Dairy Outlook - October 2012
Posted: October 6, 2012
Once again, dairy product prices have risen considerably in the last month. For example, the CME block cheese price, which sat at $1.73/lb. in early August, is now $2.10 per pound. CME butter rose another 9 cents/lb. and is now $1.95, a 4.8% increase from last month, and 48% above mid-May levels. Nonfat dry milk has risen another 3.8% and dry whey is 8.3% above last month’s prices. The heat, especially in California, high feed prices, and attractive cull-cow prices, have reduced cow numbers and production (see below) and the upcoming holiday season is prompting inventory build-up. Of course, the difficult conditions for dairy, especially for producers that buy much of their feed, are still bad. The higher product prices have fueled increases in Class III futures for the remainder of 2012. The small increases in butter and powder prices have meant no increases and even small decreases in Class IV prices. These differences are seen below in the discussion of Table 1.
Table 1 lists some past and estimated future milk prices. The September Pennsylvania all-milk price was $1.00 higher than August at $18.90. The September Class III price was $1.23 more than in August at $19.00/cwt. The Class III futures price is $21.17/cwt. for October 2012 and averages $20.96 for October through December, so on average Class III futures prices are expected to rise about $2.00/cwt. over the remainder of 2012. The September Class IV price rose by $1.65 from August to $17.41/cwt. The Class IV futures price for October 2012 is now $19.10/cwt. and Class IV averages $19.17 for the remainder of 2012. The prices for the first half of 2013 show Class III futures drifting down, but still averaging $18.55/cwt. Therefore prospects for both Class III and IV prices are better now than any time in 2012. The forecast all-milk prices for 2012 and the first half of 2013, based on the futures prices, are also shown in Table 1. My forecast of the average PA all-milk price is $19.99/cwt. for 2012 overall, down 17 cents from my estimate in September. The forecast Pennsylvania all-milk price for all of 2012 is $2.12/cwt. less than the 2011 average. The forecast all-milk price for the rest of 2012 is $23.18/cwt. Feed costs are still very high, but down considerably from last month. The harvest results have been better than expected, although a surprising report on corn inventories last week sent corn up sharply.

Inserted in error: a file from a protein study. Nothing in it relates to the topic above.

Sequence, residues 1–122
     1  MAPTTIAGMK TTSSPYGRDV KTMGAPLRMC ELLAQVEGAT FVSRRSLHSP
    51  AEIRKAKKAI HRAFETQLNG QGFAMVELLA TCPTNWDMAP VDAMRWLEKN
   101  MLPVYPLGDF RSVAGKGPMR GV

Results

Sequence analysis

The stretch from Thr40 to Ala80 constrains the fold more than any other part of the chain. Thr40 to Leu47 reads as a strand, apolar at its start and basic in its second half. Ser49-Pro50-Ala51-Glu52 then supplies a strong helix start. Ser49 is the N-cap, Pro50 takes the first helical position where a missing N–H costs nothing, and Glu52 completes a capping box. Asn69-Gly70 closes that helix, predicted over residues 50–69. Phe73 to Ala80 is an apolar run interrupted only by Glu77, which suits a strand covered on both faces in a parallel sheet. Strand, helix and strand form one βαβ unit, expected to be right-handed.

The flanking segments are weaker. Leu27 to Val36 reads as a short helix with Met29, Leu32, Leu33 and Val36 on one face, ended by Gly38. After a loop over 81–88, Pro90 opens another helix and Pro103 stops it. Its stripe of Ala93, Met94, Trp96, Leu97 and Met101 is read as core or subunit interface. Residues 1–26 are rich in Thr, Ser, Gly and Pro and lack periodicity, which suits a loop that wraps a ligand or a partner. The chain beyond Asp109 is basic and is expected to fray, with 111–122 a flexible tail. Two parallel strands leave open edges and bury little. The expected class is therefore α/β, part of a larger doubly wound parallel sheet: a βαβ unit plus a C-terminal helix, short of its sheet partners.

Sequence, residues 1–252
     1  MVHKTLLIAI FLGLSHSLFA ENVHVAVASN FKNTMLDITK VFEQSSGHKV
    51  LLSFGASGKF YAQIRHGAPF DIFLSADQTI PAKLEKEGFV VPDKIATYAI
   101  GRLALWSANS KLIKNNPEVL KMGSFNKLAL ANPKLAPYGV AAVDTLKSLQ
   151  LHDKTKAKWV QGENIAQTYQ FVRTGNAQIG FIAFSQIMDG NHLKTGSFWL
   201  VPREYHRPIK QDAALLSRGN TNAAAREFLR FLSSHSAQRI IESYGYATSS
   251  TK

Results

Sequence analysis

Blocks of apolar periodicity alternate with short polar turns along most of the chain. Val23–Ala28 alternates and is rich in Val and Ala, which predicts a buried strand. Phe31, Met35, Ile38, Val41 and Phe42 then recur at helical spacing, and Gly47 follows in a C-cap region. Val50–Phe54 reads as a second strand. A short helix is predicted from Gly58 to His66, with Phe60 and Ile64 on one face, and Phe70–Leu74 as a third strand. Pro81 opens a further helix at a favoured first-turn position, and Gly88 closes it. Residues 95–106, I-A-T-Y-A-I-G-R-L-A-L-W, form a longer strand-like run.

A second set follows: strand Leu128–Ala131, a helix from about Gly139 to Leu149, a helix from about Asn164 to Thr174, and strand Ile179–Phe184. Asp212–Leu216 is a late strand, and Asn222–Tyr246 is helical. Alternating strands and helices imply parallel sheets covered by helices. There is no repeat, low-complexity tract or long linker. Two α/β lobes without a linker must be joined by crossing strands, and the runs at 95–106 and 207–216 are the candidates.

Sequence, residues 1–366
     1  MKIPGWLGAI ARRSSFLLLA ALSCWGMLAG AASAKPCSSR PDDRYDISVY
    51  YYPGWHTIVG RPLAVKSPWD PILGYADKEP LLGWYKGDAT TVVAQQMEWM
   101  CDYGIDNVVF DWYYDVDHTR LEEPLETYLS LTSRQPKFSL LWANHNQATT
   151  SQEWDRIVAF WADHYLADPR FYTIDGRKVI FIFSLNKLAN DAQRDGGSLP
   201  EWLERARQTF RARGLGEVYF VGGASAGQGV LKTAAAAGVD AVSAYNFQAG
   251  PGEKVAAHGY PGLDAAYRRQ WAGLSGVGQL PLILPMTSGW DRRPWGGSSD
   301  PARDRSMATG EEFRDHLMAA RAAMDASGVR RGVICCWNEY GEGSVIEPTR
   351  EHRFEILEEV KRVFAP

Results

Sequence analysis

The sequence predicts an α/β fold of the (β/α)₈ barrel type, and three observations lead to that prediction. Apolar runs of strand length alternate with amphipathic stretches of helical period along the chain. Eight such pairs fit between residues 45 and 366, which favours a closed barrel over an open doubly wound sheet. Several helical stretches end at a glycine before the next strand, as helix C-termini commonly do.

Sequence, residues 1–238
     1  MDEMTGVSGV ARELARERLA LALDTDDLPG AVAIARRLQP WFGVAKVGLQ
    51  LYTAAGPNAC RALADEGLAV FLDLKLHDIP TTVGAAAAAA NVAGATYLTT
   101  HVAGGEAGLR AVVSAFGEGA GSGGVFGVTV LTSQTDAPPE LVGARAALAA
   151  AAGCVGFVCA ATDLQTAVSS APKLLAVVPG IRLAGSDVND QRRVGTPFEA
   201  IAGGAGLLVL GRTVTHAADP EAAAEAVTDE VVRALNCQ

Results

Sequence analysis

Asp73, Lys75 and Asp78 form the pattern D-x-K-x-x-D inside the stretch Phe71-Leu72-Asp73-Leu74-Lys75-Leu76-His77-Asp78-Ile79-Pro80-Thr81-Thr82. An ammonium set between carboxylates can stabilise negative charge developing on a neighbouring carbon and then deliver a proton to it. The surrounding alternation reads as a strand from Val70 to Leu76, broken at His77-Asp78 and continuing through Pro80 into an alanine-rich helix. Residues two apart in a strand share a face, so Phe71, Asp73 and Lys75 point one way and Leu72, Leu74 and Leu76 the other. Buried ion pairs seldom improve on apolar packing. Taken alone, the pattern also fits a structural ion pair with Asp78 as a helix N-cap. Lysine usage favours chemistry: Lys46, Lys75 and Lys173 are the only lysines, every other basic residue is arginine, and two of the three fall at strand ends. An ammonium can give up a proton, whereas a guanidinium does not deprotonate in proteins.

The U.S. dollar has fallen against the Euro and New Zealand dollars, and is unchanged against the Australian dollar. Falling oil prices are an important driver of strength in the Euro. The Australian dollar is struggling as coal and iron ore prices have fallen decreasing Aussie export earnings. The news from Europe about the debtor nations is much the same, and though no solution seems to be on the horizon, the outlook isn’t any worse either. The news from the United States is similar to Europe. There is no movement on addressing the long-run issues of the country, but things aren’t much worse. With no Farm Bill passed, we revert to the permanent law from 1949. This law uses parity as a guide for government purchases, and would create chaos in the dairy industry, since the support price would be about $37.28/cwt. The grain programs would require similar actions, requiring untold billions to meet these targets. No doubt some temporary action will extend the old Farm Bill, but should sequestration occur if Congress cannot reduce the deficit, huge cuts from the Agriculture budget would be required, which would create significant short-term problems and long-term damage.
Corn and Soybean Markets